Reproductive behavior following evacuation to foster care during World War II
Demographic Research, 33:1, 1–30 (2015)
Background: Family disruption and separation form parents during childhood may have long-lasting effects on the child. Previous literature documents associations between separation from parents and cognitive ability, educational attainment, and health, but little is known about effects on subsequent reproductive behavior.
Objective: We evaluate the associations between unaccompanied evacuation to foster care and subsequent marriage and fertility behavior by comparing Finnish children who were evacuated to Swedish foster families during World War II to their non-evacuated siblings.
Methods: In total, some 49,000 children were evacuated for a period ranging from months to years. We analyze a nationally representative sample of 2,009 evacuees born in 1933-1944 by combining data collected from war time government records with 1950 and 1971 censuses and 1971-2011 population registers.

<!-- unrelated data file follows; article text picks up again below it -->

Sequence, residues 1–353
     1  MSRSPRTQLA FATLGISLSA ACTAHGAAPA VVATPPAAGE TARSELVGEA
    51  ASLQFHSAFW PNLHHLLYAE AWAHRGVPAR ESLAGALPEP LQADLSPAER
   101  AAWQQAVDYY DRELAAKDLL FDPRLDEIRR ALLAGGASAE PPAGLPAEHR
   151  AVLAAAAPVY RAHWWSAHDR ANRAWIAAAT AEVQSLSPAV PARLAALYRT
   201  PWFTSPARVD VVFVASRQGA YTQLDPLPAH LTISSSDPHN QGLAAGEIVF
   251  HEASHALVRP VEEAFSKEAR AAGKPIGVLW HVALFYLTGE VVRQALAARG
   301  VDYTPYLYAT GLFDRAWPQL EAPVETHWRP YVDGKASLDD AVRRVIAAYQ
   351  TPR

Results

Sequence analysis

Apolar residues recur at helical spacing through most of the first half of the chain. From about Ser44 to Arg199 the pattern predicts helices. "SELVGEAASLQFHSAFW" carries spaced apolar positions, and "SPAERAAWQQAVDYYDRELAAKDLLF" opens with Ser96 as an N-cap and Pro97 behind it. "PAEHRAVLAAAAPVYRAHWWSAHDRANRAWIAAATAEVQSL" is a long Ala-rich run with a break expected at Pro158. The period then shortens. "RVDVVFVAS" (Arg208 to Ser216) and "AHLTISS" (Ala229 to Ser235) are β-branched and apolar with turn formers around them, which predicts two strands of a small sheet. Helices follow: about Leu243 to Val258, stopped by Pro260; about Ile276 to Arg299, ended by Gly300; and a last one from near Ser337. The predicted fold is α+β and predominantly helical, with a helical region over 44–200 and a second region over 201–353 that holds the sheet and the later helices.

Results: Comparison of evacuated and nonevacuated same-sex siblings suggests no associations between evacuation and the probability of ever marrying, timing of first birth, and completed family size, although some associations are found in naive means comparisons. This difference in results across models is suggestive of negative selection of evacuee families.
Conclusions: We do not find consistent evidence of any causal effect of family disruption on family formation and reproductive behavior. The results are sensitive to controlling for unobserved selection and suggest that some of the adverse outcomes documented in earlier literature could change if selection was accounted for.